Monday, July 20, 2009

Silence in the Clearwater

Mark and Sky descend a mountain pass in the Clearwater Mountains

We finally settled down and started to cook dinner around 1 am under the dim twilight. It was noticeable that the nights were gradually getting darker as time slowly slid away from summer solstice. The two of us perched ourselves on a cushion of tundra overlooking a glassy alpine lake as we devoured our warm meals from the self contained aluminum bags.

Mark was the first one to notice it. I had sensed that something was different but no conscious thought had surfaced until he pointed out the obvious. It was completely silent...dead still. There were no birds, not a single movement of air to rustle the miniature leaves on the surrounding sedges -- but this place was void of something more prominent. Bugs! There was no incessant buzzing of mosquitoes. We had been so accustomed to a constant hum in the atmosphere this summer that the lack of sound felt strangely discomforting.

This was our last trip together before Mark heads back to his home high in the Rocky Mountains of Colorado and tends to more important things like high school and cross country running. Mark was eager to do a multi-sport trip which would combine hiking, boating, and cycling. We decided to explore the Clearwater Mountains: an accessible subrange in the greater Alaska Range along the Denali Highway. A very well maintained road and network of 4-wheeler trails lead to the tundra in the Valdez Creek mining area. We followed one of these paths until it spit us into the alpine. From there we hiked about 18 miles to Clearwater Creek, dropped our packrafts in the water and floated 15 miles to the Denali Highway, and then biked 35 miles back to the truck. A complete 70 mile loop which can easily be completed in a 3-day weekend.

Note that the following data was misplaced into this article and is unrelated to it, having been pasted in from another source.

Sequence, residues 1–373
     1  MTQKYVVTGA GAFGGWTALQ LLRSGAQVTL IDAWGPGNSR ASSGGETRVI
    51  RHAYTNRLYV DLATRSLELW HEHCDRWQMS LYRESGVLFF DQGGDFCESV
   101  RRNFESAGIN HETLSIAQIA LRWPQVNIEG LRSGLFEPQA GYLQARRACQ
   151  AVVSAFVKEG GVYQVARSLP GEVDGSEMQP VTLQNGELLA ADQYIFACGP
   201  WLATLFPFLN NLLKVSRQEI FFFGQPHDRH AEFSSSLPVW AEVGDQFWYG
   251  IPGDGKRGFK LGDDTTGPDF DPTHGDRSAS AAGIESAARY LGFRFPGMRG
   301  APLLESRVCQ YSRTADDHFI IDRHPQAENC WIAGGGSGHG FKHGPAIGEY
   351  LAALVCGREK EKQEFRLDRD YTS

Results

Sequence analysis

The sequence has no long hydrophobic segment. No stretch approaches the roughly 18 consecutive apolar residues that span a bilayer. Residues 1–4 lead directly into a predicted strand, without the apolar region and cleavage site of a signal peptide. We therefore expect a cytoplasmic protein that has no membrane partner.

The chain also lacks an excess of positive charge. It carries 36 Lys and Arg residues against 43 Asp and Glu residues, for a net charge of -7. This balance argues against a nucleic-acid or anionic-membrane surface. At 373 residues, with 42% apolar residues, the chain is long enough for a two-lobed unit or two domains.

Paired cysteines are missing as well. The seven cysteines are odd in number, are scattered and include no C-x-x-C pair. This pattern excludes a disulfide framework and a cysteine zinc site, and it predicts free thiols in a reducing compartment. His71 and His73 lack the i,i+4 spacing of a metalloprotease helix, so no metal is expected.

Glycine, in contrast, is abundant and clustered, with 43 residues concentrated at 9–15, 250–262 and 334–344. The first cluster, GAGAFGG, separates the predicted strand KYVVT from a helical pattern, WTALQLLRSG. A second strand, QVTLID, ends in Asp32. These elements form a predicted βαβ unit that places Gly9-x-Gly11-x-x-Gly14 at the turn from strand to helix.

We scrambled up a pass above Grogg Lake en route to our put-in on Clearwater Creek.

A dense population of caribou in this area have developed a well worn web of trails through the lower elevation brush. This made for easy walking as we dropped down into the Clearwater Creek drainage.

We put in on Clearwater Creek at the confluence with a tributary which contributed enough water sufficient for floating.

The creek was almost entirely Class I water with a short stretch of rocky...non butt dragging...Class II riffles with some boulders to dodge.

The take out at Milepost 55 Denali Highway. I was skeptical about floating this river when I saw the low volume of water flowing under the bridge. The trip was surprisingly nice with plenty of water to keep the boats afloat.

Heading west on the Denali Highway and back to the truck.


Eric said...

damn Ed, you are on a rampage!

Anonymous said...

gorgeous pics, lovely to see you all looking so well, have fun in NZ, wish I could meet you all, take care xxx

Roman Dial said...

That Clearwater area is full of horse trails, like the one in your photo, 'cause it's anon-motorized hunting area.

Another classic Plumb picked by Ed.

Unknown said...

Looks like another beautiful trek Ed! Can't wait to see you in Ontario! Not long now!

See you soon and keep smiling....


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justanothertragedy said...

such amazing photos and adventures. thanks for sharing :)